I’m always intrigued by movies that start at the end but work their way through the story from the beginning. So much of the power that a regular narrative holds can come from withholding the protagonist’s fate until the end. Yet, this movie — one that revealed its ending at the beginning — still has viewers hooked.
The choice to begin a film with the character’s fate is especially interesting when it’s death. In “Vagabond,” we see our initially nameless protagonist dead in a ditch. Police officers survey the scene in the cold and barren landscape of rural France. They conclude the young lady had died from the cold and other natural causes.
“Vagabond,” directed by Agnès Varda and released in 1985, is so unique in the way that it mimics documentaries to create a narrative-style movie. After the police zip up the dead woman’s body, Varda begins to narrate the story as if the situation was a nonfiction event.
But she is not an all-knowing narrator. Instead, Varda attempts to work with the audience to piece together what happened before the protagonist’s death.
However, there is one thing that Varda does know — the woman’s real name. She reveals the protagonist’s name is Mona.
While the transcendent narrative style of this film is a highlight, there is no bigger standout than the acting performance of our soon-to-be deceased character. Sandrine Bonnaire was already a rising star in French cinema, having won the César Award for Most Promising Actress in 1984, but her performance as Mona Bergeron is an all-timer.
As the narrator goes through Mona’s past, it is revealed that the character creates a fake name for herself in an effort to get away from her boring office job. She meets many people — some good, some bad — but all of them for a limited amount of time.
Nobody really knows her well, and Mona seems to like it that way. While she’s quick to become friends with other people, those friendships quickly dissipate, often at the fault of her own actions. This is shown when a couple of goat herders take Mona in for the winter — providing her with food, shelter and company — Mona doesn’t help them out in return.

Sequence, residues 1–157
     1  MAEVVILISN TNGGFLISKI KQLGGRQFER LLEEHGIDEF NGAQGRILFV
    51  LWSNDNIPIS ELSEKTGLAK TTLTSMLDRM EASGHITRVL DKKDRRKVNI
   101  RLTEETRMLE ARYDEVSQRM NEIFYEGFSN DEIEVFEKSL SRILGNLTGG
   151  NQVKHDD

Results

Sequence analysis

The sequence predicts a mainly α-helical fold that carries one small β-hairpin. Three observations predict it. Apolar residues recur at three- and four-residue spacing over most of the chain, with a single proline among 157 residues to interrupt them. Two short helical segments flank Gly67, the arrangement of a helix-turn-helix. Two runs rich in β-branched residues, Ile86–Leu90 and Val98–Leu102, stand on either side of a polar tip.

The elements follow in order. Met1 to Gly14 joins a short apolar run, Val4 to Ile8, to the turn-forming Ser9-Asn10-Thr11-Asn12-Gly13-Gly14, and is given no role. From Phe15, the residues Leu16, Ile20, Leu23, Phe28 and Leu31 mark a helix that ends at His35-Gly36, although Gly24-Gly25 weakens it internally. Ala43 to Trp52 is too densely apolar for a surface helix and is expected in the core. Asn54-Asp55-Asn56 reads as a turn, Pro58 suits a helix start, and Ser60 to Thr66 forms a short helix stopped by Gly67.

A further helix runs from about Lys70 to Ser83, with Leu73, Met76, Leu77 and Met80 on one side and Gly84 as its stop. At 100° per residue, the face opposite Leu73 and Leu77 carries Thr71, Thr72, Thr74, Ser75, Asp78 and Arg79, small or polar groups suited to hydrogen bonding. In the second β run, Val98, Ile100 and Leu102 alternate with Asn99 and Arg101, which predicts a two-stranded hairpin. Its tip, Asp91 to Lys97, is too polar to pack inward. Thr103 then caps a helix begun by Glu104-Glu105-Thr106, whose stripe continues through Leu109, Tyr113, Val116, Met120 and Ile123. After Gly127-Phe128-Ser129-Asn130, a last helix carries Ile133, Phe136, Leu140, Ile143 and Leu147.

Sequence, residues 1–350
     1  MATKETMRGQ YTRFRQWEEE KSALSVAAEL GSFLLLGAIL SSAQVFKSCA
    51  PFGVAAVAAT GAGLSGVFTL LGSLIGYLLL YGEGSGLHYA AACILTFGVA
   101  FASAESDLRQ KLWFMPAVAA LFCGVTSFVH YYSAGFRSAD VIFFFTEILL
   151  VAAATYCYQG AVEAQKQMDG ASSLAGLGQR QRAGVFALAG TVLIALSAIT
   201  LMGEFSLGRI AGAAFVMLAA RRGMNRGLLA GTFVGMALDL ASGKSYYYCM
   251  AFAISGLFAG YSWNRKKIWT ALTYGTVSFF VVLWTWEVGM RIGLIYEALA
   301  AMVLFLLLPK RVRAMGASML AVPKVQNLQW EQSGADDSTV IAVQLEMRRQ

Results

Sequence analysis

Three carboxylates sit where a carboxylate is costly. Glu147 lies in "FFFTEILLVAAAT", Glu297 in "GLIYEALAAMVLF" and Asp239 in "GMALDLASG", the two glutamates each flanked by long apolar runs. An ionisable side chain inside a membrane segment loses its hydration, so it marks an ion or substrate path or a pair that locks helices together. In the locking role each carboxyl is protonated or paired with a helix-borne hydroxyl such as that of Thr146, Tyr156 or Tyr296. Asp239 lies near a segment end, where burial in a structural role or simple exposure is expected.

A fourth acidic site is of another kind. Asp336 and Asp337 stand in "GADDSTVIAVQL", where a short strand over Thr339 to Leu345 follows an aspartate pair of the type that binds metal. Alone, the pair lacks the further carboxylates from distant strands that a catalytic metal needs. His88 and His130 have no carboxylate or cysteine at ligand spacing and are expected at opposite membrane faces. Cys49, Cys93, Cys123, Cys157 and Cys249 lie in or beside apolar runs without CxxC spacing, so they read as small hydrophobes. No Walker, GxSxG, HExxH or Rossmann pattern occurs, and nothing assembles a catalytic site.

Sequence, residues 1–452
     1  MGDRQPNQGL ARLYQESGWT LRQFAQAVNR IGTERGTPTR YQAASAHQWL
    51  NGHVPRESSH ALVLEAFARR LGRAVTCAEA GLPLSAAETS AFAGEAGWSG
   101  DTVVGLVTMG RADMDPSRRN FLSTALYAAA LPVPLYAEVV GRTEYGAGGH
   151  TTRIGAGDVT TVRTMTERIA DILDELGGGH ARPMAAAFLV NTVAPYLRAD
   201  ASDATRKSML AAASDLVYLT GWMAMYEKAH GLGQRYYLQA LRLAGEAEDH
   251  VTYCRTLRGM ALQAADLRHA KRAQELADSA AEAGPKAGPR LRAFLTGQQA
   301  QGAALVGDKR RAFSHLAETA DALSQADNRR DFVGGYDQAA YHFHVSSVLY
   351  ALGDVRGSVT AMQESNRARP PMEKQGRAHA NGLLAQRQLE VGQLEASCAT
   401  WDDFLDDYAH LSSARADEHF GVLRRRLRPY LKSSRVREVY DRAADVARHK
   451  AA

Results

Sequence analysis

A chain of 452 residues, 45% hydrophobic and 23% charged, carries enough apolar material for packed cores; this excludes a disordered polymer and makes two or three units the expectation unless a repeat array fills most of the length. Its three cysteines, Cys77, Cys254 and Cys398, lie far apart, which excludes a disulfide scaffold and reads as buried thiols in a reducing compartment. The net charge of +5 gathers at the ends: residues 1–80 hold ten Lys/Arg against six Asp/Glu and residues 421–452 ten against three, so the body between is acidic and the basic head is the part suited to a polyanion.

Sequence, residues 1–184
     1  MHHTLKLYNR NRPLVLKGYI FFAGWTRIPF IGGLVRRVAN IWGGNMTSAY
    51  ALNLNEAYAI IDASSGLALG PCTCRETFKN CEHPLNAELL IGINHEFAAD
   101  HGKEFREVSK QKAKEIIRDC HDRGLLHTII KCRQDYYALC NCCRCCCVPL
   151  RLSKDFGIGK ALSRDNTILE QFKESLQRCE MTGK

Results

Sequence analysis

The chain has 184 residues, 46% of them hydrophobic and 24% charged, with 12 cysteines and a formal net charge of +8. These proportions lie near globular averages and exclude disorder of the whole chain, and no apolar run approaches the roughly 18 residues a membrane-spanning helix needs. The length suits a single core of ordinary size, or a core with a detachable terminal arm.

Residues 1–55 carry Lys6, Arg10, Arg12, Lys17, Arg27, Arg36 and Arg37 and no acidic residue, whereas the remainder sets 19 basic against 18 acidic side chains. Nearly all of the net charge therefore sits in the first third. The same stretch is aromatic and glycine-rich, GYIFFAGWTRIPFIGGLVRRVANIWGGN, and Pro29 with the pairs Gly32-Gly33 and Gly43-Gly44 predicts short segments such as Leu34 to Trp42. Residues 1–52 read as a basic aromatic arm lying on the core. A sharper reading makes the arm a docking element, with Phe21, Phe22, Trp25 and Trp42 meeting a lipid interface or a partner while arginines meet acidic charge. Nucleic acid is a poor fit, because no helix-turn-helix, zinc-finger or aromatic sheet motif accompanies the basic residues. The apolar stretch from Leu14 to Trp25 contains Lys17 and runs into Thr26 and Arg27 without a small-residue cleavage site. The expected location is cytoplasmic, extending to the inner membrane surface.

This leads to a lot of viewers finding our protagonist unlikeable as she’s cold and apathetic to those around her.
While I think Varda wants many viewers to feel that way about Mona’s character — choosing to use a documentary style to reinforce our position as an outsider to Mona’s life — Mona is really just a confused and unapologetic character whose actions diverge from the idealistic female protagonists portrayed in the media.
An official definition of the word “vagabond” is someone who goes from place to place without a home or occupation, and Mona certainly fits that description. But there is so much more to a person than where they live and how they earn money.
Mona is a vagabond in every aspect. She is described in a podcast as having, “No plans, no goals, no wishes, no wants,” and after meaningful relationships are formed, she is able to simply walk away to the next one with no expectation of what the next interaction will be.
This is the story of someone who chose to let themselves be openly vulnerable. She left the predictable life of being a cog-in-a-capitalist-machine for something else. Mona just doesn’t know what that something is. And when many people see a lady who isn’t currently serving someone or something, they call her crazy.
Leaving our current lives for the unpredictable is something everybody thinks about from time to time, and Varda was able to create a protagonist that is a reflection of what would happen if someone did decide to act upon this desire and leave everything behind. This is all a testament to Varda’s groundbreaking movies, many of which have won film awards.
“Vagabond” is one of many sensational films in the late Agnès Varda’s filmography, but none force the viewer to self-reflect on themselves and society as a whole more than this one.
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